Democratic confederalism nurtures itself from diverse political, philosophical and anthropological sources. Firstly, it is important to note that its bases are supported from below. As explained by David Graeber, American anthropologist and anarchist who has learned about this reality in person, the security forces are accountable to the structures from the bottom up, and not the other way around, because so it is established by the institutions of direct democracy such as the TEV-DEM (Movement of Democratic Society).
It is a non-hierarchical structure based on horizontality. Thus, assemblies and councils are the designated mechanisms for building their political project. Thus we have street meetings, neighborhood and city, which answer to a democratic general assembly. The idea is to get a political fabric throughout the communes, with the objective that the people have the power and can participate in political, economic and social decisions, effectively.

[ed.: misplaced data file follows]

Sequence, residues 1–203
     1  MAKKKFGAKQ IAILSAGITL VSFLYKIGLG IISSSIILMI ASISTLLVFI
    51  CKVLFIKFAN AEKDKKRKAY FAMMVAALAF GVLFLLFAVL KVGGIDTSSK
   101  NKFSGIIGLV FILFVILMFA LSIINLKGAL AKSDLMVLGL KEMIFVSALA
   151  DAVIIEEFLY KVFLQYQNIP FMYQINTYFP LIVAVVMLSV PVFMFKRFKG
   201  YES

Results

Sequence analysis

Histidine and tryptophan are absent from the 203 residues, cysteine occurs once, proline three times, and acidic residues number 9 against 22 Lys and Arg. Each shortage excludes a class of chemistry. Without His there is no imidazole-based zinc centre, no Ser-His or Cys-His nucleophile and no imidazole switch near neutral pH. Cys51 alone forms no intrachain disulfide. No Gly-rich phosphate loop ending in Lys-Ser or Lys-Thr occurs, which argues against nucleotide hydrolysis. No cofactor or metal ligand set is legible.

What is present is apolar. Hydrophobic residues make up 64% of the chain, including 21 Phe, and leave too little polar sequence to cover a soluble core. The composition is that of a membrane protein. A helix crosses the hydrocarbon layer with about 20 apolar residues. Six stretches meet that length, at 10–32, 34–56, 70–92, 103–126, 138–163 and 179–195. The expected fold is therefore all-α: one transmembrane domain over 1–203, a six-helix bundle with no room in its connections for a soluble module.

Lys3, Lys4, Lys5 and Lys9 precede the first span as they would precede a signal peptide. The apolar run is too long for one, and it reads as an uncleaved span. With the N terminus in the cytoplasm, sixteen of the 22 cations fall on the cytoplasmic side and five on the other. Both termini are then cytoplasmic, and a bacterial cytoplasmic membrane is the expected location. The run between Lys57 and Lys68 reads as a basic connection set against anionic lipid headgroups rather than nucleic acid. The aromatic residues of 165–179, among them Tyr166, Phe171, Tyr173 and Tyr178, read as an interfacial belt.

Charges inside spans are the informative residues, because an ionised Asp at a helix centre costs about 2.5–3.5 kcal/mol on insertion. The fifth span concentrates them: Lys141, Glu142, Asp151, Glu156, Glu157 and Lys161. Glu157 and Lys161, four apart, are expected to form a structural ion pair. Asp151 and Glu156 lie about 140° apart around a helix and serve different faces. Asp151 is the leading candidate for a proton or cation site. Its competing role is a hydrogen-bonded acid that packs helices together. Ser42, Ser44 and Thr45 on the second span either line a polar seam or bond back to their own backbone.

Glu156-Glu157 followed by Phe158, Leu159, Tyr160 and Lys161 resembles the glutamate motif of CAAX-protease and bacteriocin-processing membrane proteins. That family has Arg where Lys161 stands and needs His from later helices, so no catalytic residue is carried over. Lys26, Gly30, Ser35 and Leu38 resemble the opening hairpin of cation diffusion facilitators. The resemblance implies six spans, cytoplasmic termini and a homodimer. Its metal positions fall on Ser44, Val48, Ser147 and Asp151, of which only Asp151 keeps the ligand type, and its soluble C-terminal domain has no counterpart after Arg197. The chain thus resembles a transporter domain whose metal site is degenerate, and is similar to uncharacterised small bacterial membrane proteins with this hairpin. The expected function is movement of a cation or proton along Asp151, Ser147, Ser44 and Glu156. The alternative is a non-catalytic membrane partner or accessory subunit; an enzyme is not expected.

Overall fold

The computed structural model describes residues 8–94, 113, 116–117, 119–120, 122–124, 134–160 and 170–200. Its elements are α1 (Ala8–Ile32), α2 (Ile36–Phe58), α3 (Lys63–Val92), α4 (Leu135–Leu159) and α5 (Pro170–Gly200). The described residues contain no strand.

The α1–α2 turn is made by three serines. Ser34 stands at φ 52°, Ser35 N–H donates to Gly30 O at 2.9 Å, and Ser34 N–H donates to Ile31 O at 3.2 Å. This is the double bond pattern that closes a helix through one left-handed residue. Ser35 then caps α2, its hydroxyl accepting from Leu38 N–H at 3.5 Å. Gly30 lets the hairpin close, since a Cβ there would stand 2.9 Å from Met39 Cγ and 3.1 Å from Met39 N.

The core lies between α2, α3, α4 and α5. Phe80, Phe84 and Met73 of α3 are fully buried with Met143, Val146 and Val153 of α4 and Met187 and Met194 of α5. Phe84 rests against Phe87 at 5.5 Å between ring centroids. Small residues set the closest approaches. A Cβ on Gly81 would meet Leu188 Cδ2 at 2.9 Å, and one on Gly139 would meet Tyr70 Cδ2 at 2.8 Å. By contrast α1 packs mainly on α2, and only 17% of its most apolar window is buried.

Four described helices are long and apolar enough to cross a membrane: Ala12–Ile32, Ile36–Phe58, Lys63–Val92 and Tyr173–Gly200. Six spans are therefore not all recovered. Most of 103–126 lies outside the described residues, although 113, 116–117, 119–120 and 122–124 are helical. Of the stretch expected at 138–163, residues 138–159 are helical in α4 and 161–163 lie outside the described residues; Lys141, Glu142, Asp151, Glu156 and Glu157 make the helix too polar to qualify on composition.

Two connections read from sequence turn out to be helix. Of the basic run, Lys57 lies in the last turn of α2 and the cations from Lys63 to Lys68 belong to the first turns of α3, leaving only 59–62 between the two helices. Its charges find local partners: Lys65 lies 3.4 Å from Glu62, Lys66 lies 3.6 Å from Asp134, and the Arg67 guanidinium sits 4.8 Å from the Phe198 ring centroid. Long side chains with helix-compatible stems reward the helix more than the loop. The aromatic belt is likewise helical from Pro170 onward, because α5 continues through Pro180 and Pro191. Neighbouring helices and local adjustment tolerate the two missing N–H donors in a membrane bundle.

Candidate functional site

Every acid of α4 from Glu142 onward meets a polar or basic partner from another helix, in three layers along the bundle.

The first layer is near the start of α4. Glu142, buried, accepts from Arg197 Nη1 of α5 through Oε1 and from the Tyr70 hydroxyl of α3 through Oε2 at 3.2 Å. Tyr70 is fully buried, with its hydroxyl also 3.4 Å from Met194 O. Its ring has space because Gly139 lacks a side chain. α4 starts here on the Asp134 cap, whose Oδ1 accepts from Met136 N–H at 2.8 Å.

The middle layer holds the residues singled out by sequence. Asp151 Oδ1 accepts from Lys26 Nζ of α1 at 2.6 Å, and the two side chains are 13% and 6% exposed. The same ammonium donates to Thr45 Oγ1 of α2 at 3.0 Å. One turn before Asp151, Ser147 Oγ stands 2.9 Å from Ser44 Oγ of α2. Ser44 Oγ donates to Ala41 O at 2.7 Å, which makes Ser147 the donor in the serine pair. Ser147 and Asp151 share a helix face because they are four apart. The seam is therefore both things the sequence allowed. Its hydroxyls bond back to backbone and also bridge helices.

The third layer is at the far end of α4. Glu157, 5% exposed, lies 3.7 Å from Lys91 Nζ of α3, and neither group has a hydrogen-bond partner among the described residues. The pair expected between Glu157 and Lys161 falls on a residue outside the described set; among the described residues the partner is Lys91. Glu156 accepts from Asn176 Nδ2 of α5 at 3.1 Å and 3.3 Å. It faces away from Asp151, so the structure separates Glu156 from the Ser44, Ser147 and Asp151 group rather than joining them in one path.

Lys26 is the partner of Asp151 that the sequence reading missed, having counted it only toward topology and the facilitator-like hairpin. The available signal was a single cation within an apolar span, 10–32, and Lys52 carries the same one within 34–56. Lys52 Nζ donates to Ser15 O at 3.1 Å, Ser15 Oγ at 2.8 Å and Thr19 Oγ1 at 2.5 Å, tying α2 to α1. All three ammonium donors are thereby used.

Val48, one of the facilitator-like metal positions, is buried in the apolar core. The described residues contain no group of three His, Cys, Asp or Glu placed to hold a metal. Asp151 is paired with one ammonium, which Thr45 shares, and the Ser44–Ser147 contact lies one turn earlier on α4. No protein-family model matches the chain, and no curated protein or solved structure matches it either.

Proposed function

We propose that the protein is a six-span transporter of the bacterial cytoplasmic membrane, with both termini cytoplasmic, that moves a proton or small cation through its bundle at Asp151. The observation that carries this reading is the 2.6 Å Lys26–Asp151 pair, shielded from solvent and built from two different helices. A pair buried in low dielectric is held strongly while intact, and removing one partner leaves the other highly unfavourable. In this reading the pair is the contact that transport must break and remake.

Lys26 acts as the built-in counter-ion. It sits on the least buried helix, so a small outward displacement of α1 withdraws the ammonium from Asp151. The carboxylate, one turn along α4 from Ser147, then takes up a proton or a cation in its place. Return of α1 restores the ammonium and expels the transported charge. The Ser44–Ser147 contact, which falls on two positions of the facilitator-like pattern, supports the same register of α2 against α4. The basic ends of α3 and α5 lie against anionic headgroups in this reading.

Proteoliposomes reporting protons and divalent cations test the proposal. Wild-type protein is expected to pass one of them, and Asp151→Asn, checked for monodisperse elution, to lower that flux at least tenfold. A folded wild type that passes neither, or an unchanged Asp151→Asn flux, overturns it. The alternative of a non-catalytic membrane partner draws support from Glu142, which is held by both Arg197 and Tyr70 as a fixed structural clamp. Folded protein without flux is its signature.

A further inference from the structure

The political level that follows are councils, until the People’s Council of Rojava. The communities are formed according to the different areas of political life and the Kurdish People’s Protection Units (YPG) is the official armed wing of the Kurdish Supreme Committee, whose militias defend the territory claimed by them. This is fundamental, given that they constitute a territory not recognized by the international community and by neighboring countries, so they have to defend from those who want to re-gain control of Kurdistan.
New politics, multiculturalism and feminism: the keys of the new society